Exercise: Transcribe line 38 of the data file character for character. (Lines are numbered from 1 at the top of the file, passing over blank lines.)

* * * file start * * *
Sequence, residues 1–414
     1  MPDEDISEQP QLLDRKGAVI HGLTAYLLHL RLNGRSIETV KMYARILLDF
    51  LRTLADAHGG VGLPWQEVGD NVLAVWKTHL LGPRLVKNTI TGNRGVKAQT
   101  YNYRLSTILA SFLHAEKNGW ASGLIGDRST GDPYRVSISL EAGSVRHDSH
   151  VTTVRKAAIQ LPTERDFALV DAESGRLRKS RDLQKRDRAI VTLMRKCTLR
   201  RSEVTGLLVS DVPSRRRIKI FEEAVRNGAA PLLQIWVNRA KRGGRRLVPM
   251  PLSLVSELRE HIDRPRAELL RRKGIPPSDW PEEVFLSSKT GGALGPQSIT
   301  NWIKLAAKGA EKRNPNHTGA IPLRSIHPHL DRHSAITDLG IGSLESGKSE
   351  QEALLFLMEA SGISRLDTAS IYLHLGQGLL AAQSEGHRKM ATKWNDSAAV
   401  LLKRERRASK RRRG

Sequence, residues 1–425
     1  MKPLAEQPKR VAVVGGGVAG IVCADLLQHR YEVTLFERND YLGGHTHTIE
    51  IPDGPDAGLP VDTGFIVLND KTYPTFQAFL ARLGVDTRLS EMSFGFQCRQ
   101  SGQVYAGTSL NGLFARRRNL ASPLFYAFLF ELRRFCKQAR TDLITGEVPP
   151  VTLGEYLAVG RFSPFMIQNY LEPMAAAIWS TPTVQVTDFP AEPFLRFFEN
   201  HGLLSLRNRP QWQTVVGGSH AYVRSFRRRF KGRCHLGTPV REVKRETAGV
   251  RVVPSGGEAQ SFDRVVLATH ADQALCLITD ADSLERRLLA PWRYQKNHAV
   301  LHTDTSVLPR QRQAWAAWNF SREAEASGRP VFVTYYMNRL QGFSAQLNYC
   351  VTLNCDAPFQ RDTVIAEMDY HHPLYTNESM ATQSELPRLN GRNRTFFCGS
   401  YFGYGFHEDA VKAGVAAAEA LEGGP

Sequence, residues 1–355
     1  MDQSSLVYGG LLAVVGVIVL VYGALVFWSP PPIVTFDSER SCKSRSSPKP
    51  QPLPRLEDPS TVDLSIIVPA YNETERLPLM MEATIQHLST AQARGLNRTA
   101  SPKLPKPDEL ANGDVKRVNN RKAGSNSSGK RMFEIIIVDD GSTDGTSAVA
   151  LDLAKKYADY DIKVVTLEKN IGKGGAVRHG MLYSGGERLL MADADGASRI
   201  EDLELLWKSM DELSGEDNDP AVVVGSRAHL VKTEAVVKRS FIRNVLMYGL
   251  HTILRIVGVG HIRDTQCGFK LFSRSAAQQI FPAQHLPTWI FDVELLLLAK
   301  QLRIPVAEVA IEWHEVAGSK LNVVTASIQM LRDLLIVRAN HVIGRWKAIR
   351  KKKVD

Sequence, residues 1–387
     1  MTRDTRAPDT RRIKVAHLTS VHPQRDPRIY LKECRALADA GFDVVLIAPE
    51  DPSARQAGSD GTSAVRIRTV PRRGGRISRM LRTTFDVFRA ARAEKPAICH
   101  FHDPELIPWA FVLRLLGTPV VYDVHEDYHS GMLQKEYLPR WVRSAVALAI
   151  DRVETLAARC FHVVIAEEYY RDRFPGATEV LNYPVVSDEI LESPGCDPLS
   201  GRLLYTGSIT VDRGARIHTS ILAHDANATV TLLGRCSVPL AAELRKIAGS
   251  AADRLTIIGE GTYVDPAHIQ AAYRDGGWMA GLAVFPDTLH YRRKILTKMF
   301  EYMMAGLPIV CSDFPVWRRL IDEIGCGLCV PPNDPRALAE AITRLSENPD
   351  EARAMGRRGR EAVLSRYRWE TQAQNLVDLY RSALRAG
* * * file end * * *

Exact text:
   351  EARAMGRRGR EAVLSRYRWE TQAQNLVDLY RSALRAG